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    Filson x Ten Thousand Collection Is the Workhorse of Workout Apparel

    For duds that endure the wear and tear of wilderness excursions, Filson is a mainstay. For workout apparel that withstands grueling lifting sessions, Ten Thousand is a stalwart. Separately they shine, but together they can single-handedly replace your training kit with high-performance workout apparel.

    The two brands have joined forces to drop a limited-edition collection of workout clothes designed to meet the training needs of first responders and wildland firefighters.
    “Having FiIson ask us to help them make this collection is an incredible honor,” says Keith Nowak, founder and CEO of Ten Thousand. While Filson was born in the woods and Ten Thousand was born in the gym, we both share a spirit that’s been forged from hard work, grit and the will to become better than we were yesterday. And this collection encompasses that perfectly.”

    Courtesy ImageThe Filson x Ten Thousand Collection features three pieces—all made in Filson’s signature Marsh Olive colorway: Versatile Shirt, crafted from breathable, sweat-wicking, quick-drying, and abrasion-resistant fabric; the lined Tactical Short, cut from durable yet featherweight four-way stretch ripstop fabric; and Training Sock, which features cooling mesh panels, functional cushioning, and anatomical arch support.
    They all have a permanent silver ion treatment that will last through use and washing.

    Courtesy Image“Filson and Ten Thousand users share similar values and lifestyles,” says Alex Carleton, chief creative officer at Filson. “Both are smart, tough and prepared. The collaboration between the two brands resulted in a collection perfect for our everyday heroes… The design behind the collection was led by the athletes and heroes it was made for, like frogman combat veteran and backcountry hunter, Alex Fitchler, who helped put the collection through its paces.”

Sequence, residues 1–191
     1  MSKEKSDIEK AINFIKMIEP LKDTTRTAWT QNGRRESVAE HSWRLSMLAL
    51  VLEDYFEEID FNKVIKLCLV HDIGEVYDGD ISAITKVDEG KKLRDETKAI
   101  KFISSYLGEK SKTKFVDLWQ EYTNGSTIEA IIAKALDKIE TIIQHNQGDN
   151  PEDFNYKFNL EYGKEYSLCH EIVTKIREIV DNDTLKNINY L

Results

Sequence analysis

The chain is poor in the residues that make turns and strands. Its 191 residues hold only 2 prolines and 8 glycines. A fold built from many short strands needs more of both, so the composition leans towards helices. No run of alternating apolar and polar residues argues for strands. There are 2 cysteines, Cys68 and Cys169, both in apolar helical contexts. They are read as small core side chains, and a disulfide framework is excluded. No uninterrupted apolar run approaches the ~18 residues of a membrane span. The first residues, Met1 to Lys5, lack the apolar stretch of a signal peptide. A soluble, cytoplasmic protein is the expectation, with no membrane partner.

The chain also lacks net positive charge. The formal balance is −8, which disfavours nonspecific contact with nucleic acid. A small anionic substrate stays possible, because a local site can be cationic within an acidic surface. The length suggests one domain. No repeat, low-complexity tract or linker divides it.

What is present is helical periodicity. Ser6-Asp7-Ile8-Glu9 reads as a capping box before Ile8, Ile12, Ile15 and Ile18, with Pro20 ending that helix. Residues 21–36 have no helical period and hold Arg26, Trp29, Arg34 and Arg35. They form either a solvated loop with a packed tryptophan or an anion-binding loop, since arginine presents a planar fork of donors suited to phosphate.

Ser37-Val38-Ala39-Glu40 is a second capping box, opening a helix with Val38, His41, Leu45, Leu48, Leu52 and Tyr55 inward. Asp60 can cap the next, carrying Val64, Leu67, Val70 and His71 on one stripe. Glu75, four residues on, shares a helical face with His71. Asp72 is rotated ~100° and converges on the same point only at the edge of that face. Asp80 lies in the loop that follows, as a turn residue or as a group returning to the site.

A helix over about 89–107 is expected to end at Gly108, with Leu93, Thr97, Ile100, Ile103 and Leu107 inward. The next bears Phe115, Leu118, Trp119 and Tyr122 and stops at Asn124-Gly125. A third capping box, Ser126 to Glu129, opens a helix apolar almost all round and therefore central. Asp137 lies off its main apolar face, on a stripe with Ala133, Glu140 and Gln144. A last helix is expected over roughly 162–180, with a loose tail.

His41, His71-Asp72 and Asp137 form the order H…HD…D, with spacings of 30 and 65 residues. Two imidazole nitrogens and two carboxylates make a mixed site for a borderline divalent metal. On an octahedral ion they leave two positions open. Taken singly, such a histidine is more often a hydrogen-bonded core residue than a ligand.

Courtesy ImageThe standout among the pieces has to the be the swim-ready shorts, which were made to conform to the needs of military fitness standards by being durable, breathable, and lightweight. But they also had to be easy to wash, odor-resistant, comfortable, and feature multiple pockets. The Tactical Short shines in the last aspect, as they have stash spots, inside and out, that offer secure storage for items like cash, keys, smartphone, ID, and energy chews.
    The Filson x Ten Thousand Collection will be available from filson.com and tenthousand.cc beginning Friday, October 29, 2021. Prices start at $16.
    Get it

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    Anger Management: The Best Heavy-Lifting Workouts to Blow off Steam

    The gym can’t replace therapy, but it’s a damn good release when you’re dealing with a tough day at the office or a stressful family affair. Running can be meditative and yoga can be relaxing, but if you need to blow off steam, you need to lift—and lift heavy.

    When your temper is high and you’re frustrated beyond belief, throwing some weight around is an incomparable release. Here are four heavy-lifting routines to help you blow off steam.
    Anger Management: Best Heavy-Lifting Workouts to Blow off Steam
    Workout 1: Locomotion
    Equipment needed: Turf space, loaded sled, heavy dumbbells